Aim To relate eating behaviours at 6 months of age with weight for gestational age at birth.
Methods Study subjects belong to a population-based birth cohort assembled in Porto, Portugal (Generation XXI, n=8666). A sub-cohort of 1562 newborns was re-evaluated at 6 months and 1227 singletons presented data on variables of interest. Data were gathered by trained interviewers. Mother answered a questionnaire on socio-demographic, clinical and behavioural characteristics. Small for gestational age (SGA) and large for gestational age (LGA) were defined as <10th and >90th percentile, respectively, of sex-specific Kramer growth charts. OR and 95% CIs were obtained from unconditional logistic regression, after adjustment for sex, mother's age, education and pre-pregnancy body mass index, maternal smoking during pregnancy, and breastfeeding.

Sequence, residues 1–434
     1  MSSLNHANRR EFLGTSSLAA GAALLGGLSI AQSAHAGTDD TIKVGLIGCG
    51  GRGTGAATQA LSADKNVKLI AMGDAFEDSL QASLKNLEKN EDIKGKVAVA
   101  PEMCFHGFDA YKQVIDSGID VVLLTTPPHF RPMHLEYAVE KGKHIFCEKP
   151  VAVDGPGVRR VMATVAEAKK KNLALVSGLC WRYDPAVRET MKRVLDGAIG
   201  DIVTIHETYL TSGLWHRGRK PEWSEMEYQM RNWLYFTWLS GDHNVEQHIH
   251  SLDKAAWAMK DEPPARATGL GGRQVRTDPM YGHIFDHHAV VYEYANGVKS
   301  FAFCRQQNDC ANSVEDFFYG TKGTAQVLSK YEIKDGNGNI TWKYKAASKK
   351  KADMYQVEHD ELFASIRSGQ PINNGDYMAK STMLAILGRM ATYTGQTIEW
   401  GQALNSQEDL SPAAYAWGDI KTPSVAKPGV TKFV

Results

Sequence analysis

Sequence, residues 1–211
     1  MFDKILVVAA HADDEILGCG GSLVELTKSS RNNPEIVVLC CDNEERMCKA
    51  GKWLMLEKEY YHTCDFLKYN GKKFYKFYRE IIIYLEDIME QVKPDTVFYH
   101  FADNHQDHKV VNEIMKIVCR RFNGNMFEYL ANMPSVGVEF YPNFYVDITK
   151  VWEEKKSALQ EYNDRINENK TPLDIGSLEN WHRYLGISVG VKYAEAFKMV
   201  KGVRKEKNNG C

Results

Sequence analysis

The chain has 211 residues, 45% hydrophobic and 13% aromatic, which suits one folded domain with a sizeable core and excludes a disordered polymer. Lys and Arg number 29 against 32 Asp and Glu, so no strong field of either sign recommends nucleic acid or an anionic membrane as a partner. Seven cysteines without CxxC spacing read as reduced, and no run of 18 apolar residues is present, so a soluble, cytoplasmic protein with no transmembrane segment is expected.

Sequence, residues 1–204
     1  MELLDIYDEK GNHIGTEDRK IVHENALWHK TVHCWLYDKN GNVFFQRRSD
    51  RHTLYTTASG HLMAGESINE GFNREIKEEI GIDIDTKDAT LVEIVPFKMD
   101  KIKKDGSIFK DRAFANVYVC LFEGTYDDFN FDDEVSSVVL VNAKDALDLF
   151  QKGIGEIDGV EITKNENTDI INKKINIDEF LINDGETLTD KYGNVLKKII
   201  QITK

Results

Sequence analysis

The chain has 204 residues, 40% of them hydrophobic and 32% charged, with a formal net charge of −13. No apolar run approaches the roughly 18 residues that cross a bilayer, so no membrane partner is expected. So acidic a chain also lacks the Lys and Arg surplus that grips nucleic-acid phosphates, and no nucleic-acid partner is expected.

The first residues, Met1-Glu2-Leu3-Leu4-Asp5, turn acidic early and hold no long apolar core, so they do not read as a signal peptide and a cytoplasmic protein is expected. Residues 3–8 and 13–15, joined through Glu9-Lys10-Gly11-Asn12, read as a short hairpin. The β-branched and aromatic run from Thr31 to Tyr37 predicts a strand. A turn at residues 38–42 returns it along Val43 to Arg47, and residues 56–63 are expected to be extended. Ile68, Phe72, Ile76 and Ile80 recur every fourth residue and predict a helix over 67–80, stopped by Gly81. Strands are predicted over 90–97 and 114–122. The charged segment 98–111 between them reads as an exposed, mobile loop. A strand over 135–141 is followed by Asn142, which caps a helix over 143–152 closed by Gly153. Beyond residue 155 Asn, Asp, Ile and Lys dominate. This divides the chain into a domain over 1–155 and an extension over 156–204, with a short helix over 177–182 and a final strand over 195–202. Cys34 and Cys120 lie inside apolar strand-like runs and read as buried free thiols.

Results Approximately 15% of children were SGA and 4% were LGA. Compared to adequate for gestational age children, SGA had more frequently mothers reporting difficulties in feeding at 6 months (OR=1.52, 95% CI 1.01 to 2.31) and eating small quantities each time (OR=1.78, 95% CI 1.27 to 2.49). LGA children had also more feeding difficulties (OR=2.26, 95% CI 1.10 to 4.63) and a higher probability of refusing solid foods (OR=2.21, 95% CI 1.02 to 4.80). No associations were found neither with eating slowly, being angry at the meals' end, choke with food and spitting up milk, nor a later weaning or inclusion of fruits and vegetables as first foods.
Conclusions Both SGA and LGA children presented more feeding difficulties at 6 months of age, and LGA was associated with neophobia to solid foods.
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